In response to increased public pressure and the increased danger of no-knock warrants, the Minneapolis Police Department recently announced restrictions to its use of no-knock warrants , according to the Star Tribune.

Felt wrote in an email that the new Minneapolis policy closely aligns with what his department already had in place, but there is a difference in policy for when officers must announce themselves.

"Their order talks about making an announcement once they cross the threshold of the building," Felt wrote. "For us, it’s at the point someone is likely to know we’re there. This could include us walking on the property and before we even reach the building in some cases."

No-knock warrants first came into prominence as a federal law enforcement tactic during President Richard Nixon's administration and the war on drugs before gaining more national acceptance in the 1980s under President Ronald Reagan, eventually making its way to local law enforcement agencies.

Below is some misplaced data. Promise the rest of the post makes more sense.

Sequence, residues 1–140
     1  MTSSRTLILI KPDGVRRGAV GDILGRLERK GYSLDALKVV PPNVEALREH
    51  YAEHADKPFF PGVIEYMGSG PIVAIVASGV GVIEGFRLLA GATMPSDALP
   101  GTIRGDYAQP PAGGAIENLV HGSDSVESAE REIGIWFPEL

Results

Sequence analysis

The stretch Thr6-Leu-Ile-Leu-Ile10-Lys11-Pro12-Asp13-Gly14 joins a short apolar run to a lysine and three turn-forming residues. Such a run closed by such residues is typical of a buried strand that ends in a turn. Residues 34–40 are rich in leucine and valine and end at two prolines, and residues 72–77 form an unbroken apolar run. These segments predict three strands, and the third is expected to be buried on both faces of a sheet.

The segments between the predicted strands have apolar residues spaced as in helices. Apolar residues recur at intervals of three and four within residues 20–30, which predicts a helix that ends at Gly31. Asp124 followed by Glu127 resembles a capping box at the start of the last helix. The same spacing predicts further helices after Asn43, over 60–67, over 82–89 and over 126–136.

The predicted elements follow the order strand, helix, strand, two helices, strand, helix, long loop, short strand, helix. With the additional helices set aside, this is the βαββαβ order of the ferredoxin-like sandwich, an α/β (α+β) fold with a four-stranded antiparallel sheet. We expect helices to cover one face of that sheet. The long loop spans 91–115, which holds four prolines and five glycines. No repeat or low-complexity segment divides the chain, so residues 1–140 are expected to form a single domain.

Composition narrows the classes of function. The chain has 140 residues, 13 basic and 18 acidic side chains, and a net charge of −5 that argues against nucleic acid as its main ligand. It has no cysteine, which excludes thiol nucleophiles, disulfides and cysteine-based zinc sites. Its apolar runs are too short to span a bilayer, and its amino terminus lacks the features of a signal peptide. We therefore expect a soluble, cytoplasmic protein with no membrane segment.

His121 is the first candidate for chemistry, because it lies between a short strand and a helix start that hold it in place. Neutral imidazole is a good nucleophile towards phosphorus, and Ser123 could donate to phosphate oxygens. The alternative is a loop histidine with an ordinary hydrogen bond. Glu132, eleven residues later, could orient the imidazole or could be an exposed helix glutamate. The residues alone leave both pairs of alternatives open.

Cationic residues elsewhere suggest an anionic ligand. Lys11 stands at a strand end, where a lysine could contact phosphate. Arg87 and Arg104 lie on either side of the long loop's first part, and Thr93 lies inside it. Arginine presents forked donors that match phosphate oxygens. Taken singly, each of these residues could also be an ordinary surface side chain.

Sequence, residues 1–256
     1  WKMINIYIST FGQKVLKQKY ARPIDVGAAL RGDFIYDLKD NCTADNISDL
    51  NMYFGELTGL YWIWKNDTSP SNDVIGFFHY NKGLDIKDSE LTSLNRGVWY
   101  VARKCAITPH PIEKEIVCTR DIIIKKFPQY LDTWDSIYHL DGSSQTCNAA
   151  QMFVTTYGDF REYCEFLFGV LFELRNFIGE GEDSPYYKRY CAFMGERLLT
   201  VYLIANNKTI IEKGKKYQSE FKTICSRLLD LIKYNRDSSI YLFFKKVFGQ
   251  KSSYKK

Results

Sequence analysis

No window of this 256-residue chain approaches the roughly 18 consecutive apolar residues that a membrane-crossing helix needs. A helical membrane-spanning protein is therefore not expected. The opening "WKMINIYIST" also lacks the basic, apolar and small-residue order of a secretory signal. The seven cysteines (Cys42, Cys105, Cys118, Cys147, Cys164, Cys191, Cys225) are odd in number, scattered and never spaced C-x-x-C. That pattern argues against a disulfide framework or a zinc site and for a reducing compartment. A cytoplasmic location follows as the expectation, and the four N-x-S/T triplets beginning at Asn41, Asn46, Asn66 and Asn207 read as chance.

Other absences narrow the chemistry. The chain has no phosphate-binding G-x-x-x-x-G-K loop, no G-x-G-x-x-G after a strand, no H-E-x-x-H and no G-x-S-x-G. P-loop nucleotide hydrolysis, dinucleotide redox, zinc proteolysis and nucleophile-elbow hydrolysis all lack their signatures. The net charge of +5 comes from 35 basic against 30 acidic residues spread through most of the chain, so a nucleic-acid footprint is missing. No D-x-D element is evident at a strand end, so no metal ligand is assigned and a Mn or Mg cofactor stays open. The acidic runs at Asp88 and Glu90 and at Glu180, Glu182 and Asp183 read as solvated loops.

According to PBS, data collected by Peter Kraska, a professor with the School of Justice Studies at Eastern Kentucky University, showed no-knock or quick-knock warrants were used by local law enforcement about 1,500 times in the early 1980s, rising to between 60,000-70,000 no-knock or quick-knock warrants by 2010 .

According to the Kandiyohi County records department, as of Nov. 13, the Willmar Police Department and the Kandiyohi County Sheriff’s Office have served 211 search warrants this year.

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Felt said a majority of those would be for driving while impaired and CEE-VI Drug and Gang Task Force warrants and about 10% were for no-knock warrants.

Part of the danger in serving warrants, and in policing in general, includes accidental discharges which shows a training gap in some law enforcement entities , according to the Associated Press.

According to Felt, the Willmar Police Department had one firearms incident in 2020 so far and one in 2017.

“Other than before that is going back into the '70s,” Felt said.

Police shooting of dogs has also reached concerning levels, with a Department of Justice official estimating police shoot about 25-30 dogs per day or about 10,000 per year. The American Society for the Prevention of Cruelty to Animals has also issued a statement calling for more training for law enforcement when faced with animal contacts .